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J Cell Biol. 2013 Sep 16;202(6):861-74. doi: 10.1083/jcb.201303027.

Ero1-α and PDIs constitute a hierarchical electron transfer network of endoplasmic reticulum oxidoreductases.

Author information

1
Molecular Profiling Research Center for Drug Discovery, National Institute of Advanced Industrial Science and Technology, Koto-ku, Tokyo 135-0064, Japan.

Abstract

Ero1-α and endoplasmic reticulum (ER) oxidoreductases of the protein disulfide isomerase (PDI) family promote the efficient introduction of disulfide bonds into nascent polypeptides in the ER. However, the hierarchy of electron transfer among these oxidoreductases is poorly understood. In this paper, Ero1-α-associated oxidoreductases were identified by proteomic analysis and further confirmed by surface plasmon resonance. Ero1-α and PDI were found to constitute a regulatory hub, whereby PDI induced conformational flexibility in an Ero1-α shuttle cysteine (Cys99) facilitated intramolecular electron transfer to the active site. In isolation, Ero1-α also oxidized ERp46, ERp57, and P5; however, kinetic measurements and redox equilibrium analysis revealed that PDI preferentially oxidized other oxidoreductases. PDI accepted electrons from the other oxidoreductases via its a' domain, bypassing the a domain, which serves as the electron acceptor from reduced glutathione. These observations provide an integrated picture of the hierarchy of cooperative redox interactions among ER oxidoreductases in mammalian cells.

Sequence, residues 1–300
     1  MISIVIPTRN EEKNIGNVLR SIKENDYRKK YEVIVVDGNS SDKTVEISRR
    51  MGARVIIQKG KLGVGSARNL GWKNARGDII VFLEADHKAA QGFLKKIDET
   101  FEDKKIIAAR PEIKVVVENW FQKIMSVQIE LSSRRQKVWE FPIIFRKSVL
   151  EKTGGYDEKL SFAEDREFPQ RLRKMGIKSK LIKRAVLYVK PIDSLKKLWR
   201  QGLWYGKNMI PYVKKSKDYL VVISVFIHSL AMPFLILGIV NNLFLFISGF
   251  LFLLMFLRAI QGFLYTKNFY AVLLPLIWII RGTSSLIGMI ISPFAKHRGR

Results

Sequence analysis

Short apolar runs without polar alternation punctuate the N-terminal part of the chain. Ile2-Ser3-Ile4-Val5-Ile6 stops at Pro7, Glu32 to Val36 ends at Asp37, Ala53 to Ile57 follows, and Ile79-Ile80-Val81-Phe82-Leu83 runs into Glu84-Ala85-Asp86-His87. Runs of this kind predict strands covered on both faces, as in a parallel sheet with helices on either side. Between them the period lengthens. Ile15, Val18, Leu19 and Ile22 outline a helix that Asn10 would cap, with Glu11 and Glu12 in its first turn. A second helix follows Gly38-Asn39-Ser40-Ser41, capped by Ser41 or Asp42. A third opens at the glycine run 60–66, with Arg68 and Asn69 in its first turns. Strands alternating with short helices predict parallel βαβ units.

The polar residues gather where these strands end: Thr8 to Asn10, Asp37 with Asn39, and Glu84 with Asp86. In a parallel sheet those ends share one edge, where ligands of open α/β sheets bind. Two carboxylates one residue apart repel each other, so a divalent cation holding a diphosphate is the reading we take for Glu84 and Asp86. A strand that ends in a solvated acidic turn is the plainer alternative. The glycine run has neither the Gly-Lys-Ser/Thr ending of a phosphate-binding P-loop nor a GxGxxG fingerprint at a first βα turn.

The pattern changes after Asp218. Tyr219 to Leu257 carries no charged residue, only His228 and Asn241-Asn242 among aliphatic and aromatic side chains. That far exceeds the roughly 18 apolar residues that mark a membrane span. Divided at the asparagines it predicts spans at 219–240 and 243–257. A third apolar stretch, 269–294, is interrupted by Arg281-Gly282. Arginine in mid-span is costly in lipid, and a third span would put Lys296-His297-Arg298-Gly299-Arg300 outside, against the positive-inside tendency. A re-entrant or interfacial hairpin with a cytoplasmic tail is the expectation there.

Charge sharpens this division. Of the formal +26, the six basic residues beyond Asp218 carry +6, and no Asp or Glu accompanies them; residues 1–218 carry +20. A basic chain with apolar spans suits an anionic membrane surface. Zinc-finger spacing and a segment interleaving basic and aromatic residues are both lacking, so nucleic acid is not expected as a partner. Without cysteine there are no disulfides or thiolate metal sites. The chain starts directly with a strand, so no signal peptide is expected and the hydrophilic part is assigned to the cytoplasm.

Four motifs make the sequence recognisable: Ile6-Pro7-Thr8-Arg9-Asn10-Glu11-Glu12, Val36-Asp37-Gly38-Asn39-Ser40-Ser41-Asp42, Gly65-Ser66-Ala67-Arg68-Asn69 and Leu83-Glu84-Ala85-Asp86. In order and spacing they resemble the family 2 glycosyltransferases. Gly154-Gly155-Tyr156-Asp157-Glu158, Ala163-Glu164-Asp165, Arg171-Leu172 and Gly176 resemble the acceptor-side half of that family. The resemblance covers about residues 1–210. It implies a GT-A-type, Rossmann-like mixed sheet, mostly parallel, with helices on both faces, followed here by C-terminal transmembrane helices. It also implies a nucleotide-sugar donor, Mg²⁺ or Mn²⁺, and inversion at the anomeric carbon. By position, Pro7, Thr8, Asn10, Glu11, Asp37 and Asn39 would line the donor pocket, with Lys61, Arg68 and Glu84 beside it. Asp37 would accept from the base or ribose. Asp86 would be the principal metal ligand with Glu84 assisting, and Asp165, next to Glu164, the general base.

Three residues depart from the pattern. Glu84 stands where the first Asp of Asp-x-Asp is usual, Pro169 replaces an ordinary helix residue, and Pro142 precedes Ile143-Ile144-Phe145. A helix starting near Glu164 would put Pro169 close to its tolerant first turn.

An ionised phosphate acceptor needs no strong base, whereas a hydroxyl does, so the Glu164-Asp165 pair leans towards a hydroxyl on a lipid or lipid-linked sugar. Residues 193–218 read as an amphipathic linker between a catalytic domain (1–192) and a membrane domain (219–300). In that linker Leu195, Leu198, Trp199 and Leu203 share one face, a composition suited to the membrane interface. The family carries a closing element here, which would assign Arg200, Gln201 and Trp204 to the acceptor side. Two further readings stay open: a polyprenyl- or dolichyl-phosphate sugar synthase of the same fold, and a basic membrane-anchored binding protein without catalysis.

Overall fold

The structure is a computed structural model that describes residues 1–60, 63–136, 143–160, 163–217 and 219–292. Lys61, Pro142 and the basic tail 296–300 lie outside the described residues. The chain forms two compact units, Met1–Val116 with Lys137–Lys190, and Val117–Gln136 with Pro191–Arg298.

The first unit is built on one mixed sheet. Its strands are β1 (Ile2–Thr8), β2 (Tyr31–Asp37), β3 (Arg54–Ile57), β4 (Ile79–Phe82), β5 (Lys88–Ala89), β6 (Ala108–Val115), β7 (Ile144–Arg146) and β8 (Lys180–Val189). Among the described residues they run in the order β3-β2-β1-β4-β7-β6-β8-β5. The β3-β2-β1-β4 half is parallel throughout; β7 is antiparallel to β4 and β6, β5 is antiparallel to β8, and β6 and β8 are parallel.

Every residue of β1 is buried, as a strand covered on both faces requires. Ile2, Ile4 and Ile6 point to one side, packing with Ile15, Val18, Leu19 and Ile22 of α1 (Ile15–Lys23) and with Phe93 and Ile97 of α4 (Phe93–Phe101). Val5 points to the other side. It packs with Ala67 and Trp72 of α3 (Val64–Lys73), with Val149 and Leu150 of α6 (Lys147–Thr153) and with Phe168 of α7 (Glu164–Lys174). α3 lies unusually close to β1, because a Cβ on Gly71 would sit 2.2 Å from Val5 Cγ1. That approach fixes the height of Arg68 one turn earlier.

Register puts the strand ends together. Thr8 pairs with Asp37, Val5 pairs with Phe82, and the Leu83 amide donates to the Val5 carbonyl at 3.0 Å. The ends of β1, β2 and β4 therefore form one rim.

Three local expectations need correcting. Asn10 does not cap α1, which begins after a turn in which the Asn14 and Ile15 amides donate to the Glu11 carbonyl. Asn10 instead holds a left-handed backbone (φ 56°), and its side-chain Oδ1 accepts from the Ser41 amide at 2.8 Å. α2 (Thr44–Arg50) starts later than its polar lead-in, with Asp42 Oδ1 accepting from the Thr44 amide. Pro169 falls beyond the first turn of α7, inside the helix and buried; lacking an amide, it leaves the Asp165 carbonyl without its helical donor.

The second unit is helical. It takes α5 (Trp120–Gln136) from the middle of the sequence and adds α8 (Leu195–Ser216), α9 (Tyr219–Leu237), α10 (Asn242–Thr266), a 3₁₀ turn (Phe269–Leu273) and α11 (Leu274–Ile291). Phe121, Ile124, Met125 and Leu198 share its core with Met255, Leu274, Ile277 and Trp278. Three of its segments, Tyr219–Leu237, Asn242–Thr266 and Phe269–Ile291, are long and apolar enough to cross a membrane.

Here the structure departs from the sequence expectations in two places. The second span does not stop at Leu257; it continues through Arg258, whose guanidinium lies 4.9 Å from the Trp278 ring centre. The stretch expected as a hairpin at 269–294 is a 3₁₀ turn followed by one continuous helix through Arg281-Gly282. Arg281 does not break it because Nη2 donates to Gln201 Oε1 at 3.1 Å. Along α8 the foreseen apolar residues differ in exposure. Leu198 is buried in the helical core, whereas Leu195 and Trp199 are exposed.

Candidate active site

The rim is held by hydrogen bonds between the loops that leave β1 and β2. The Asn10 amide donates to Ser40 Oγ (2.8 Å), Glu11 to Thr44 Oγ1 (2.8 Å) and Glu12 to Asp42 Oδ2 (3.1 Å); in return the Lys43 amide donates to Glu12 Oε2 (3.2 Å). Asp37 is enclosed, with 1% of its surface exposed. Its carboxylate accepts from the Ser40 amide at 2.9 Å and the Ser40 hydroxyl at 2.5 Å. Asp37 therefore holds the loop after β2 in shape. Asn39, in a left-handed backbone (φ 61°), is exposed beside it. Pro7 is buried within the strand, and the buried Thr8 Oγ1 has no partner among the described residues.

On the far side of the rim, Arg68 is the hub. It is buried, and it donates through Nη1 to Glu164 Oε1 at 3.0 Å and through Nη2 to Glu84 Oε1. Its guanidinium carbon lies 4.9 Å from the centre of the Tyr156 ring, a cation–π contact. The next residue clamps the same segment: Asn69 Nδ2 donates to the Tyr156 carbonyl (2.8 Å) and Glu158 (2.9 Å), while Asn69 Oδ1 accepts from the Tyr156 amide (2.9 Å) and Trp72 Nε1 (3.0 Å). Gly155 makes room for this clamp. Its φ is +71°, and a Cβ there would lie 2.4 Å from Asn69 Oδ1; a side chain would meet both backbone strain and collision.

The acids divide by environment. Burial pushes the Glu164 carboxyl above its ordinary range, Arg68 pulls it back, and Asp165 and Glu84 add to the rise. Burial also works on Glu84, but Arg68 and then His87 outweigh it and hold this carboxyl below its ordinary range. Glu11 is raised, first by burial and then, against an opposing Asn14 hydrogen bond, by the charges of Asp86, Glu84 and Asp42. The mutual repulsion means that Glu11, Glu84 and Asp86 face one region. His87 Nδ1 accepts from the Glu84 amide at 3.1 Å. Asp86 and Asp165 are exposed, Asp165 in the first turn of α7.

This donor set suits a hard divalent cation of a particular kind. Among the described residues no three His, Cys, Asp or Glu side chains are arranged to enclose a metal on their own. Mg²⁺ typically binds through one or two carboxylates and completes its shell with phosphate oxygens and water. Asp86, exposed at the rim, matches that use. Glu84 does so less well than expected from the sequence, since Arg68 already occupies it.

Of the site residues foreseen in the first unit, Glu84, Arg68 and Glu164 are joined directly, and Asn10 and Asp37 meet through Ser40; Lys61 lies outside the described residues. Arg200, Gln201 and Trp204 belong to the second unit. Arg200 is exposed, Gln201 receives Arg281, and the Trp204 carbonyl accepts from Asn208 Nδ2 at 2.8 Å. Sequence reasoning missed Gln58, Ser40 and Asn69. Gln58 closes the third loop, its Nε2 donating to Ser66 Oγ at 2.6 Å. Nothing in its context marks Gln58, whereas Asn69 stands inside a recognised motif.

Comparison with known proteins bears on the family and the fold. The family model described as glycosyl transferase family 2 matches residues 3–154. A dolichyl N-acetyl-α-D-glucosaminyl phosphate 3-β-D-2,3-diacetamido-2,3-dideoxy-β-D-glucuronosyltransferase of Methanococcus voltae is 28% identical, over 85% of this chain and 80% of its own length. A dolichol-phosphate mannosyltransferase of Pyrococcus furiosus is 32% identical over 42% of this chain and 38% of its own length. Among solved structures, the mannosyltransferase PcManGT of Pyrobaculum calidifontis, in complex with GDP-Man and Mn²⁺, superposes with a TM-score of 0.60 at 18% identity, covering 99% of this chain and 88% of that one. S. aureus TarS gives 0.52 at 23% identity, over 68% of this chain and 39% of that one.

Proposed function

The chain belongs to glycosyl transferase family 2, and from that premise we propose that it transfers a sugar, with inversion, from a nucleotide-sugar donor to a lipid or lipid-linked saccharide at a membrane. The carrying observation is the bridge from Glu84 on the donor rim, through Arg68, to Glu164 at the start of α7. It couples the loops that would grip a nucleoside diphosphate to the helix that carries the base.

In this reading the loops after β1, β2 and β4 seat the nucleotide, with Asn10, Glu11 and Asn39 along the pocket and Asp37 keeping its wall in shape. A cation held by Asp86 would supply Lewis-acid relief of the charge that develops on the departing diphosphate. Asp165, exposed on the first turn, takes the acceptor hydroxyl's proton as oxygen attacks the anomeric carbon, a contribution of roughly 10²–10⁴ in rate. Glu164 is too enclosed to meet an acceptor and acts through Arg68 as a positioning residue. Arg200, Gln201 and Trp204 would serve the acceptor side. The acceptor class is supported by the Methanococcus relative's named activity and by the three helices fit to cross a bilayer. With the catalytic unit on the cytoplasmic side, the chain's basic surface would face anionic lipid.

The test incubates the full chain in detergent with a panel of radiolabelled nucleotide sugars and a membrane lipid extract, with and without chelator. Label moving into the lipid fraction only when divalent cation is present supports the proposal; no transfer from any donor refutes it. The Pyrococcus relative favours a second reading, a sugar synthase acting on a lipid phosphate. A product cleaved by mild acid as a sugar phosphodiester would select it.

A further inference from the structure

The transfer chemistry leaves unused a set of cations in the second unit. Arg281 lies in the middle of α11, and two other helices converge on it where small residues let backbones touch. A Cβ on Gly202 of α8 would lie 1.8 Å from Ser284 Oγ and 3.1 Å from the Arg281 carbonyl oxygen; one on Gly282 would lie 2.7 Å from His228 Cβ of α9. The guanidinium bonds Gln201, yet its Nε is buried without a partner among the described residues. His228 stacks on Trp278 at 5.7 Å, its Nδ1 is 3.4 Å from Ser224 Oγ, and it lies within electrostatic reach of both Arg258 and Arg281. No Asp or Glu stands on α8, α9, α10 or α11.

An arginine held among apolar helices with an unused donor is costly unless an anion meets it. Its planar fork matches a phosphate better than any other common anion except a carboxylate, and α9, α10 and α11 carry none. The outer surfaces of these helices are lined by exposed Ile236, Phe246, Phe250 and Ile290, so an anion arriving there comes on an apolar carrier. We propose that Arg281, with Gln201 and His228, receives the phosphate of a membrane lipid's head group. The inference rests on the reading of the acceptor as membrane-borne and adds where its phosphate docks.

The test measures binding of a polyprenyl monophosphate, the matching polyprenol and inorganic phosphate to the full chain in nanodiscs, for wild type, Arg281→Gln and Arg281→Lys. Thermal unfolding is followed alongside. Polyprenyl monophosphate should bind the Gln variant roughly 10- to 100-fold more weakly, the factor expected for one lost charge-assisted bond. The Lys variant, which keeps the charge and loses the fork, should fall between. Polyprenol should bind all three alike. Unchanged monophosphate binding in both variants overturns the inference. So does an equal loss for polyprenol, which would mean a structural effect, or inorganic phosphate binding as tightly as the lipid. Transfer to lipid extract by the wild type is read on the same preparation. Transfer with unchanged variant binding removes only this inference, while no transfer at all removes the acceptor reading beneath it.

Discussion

PMID:
24043701
PMCID:
PMC3776355
DOI:
10.1083/jcb.201303027
[Indexed for MEDLINE]
Free PMC Article
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